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Finance & Insurance Week: LA’s Insecure Insurance Market, FL’s Upcoming Insurance Special Session & More

December 02, 2022 (1 min read)

Many LA Homeowners Insured by Small, Untested Carriers

Before Hurricane Katrina struck Louisiana in 2005, most homeowners insured their properties with industry giants, like Allstate, Farmers, State Farm or USAA. But now many homeowners in the state are covered by small insurance companies that don’t even have agents or the local expertise necessary to write policies, outsourcing their operations to third parties, known as managing general agents, instead.

Most of the major insurers left Louisiana after Katrina, and investors from across the country have been able to set up insurance businesses in the state without actually having to run them. In years when there’s not a major storm, they can draw dividends from the millions of dollars in premiums their firm’s write. But the flood of claims after a major hurricane is likely to force them to close up shop. Hurricane Laura in 2020 and Hurricane Ida in 2021 have actually driven 11 firms out of business. (ADVOCATE [BATON ROUGE])

FL Special Session on Insurance Tentatively Set for Mid-December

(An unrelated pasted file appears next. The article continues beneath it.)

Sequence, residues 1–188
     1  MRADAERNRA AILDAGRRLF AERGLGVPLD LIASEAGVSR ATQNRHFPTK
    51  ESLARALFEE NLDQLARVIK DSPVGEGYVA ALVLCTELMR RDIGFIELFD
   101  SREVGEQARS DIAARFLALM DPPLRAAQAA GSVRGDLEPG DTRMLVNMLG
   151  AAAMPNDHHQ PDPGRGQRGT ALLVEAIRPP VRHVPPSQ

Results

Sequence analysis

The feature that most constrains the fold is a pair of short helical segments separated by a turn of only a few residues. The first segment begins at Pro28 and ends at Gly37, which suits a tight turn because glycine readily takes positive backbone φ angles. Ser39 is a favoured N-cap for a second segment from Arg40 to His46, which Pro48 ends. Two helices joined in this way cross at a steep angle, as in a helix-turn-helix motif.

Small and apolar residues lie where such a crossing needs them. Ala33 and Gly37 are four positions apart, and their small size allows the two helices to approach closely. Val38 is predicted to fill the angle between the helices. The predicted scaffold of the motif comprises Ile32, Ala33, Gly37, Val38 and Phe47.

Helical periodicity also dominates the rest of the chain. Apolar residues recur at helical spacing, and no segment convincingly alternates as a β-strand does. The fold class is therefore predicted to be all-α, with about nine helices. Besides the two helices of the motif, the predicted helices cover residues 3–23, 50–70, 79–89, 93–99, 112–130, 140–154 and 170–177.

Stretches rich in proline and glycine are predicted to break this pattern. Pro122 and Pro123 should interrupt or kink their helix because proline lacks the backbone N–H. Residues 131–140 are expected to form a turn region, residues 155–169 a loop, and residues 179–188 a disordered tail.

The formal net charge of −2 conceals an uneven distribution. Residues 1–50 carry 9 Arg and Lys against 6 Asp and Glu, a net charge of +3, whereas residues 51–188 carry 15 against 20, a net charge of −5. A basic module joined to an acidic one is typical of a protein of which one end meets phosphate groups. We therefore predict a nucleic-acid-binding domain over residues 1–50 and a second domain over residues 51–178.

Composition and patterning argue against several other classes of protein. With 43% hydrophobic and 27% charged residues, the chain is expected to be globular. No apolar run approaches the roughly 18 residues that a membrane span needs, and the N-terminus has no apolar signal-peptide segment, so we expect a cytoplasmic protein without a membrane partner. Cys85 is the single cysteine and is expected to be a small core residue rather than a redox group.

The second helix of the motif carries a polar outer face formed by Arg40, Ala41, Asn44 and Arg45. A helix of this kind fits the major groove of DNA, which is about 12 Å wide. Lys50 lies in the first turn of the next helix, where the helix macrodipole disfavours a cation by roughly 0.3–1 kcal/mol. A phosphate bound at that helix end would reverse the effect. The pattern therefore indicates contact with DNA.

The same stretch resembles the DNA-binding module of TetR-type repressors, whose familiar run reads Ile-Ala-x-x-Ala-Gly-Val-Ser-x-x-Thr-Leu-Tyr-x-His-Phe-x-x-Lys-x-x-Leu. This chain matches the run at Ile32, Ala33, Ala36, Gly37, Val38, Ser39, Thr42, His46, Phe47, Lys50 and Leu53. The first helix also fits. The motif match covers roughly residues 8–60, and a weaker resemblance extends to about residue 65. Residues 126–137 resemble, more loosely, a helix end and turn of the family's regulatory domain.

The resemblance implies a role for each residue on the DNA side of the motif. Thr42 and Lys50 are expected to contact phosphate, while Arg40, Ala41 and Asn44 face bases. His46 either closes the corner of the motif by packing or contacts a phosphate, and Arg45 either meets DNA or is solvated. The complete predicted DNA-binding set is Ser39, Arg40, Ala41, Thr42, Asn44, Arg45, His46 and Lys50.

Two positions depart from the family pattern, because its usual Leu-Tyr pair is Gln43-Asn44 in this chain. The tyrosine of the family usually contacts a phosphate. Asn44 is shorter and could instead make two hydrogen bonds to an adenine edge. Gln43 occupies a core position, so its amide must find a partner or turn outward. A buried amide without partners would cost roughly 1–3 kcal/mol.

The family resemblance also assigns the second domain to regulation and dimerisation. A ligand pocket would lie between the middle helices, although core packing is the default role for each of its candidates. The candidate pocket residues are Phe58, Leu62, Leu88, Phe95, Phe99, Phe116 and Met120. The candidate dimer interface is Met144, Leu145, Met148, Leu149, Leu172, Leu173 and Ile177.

Official word hasn’t come yet from Florida Gov. Ron DeSantis (R), but state legislative leaders have set Dec. 12 as the date for a second special session on property insurance. Potential issues include the elimination of one-way attorney fees in claims litigation and additional limits on assignment-of-benefits agreements. (INSURANCE JOURNAL)

Insurance Costs Hindering Development in South Florida

In spite of growing demand for residential and commercial property in south Florida, developers are putting major projects on hold, due to skyrocketing insurance premiums. A San Antonio-based development executive who’d been planning to build large apartment buildings in south Florida told the Wall Street Journal that insurance premiums have risen 30 percent in recent months. (INSURANCE JOURNAL)

Continued Growth for U.S. E&S Premiums

Growth of the U.S. excess and surplus insurance market is continuing, according to analysis by S&P Global Market Intelligence. E&S premiums surged $37.6 billion in the first six months of this year, after increasing 27.6 percent over the first six months of 2021. (INSURANCE JOURNAL)

-- Compiled by KOREY CLARK


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